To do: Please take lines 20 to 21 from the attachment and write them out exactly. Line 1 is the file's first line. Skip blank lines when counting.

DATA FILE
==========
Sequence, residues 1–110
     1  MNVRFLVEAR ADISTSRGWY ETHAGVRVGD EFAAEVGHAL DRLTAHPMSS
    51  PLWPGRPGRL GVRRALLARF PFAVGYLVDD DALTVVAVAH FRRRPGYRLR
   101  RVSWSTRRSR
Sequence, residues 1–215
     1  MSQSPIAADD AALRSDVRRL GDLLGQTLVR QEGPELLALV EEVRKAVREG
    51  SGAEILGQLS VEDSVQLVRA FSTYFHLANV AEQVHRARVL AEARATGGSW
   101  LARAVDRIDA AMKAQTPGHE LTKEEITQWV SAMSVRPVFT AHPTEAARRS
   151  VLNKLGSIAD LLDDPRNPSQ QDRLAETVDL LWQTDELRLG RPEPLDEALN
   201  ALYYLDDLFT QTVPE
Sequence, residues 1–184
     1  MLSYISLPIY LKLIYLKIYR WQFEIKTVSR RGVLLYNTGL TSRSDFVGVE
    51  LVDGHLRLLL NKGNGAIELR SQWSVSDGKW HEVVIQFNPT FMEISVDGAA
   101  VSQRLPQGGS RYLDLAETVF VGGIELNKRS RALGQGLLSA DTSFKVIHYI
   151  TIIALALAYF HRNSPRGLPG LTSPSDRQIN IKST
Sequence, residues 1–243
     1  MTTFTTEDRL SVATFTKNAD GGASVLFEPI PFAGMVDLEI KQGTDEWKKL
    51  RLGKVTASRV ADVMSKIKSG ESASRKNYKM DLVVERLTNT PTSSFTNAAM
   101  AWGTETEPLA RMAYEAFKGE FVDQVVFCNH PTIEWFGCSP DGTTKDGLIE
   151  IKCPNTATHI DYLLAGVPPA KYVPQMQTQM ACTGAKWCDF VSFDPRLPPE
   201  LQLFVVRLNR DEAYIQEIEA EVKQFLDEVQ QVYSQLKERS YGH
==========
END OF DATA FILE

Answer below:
   151  IKCPNTATHI DYLLAGVPPA KYVPQMQTQM ACTGAKWCDF VSFDPRLPPE
   201  LQLFVVRLNR DEAYIQEIEA EVKQFLDEVQ QVYSQLKERS YGH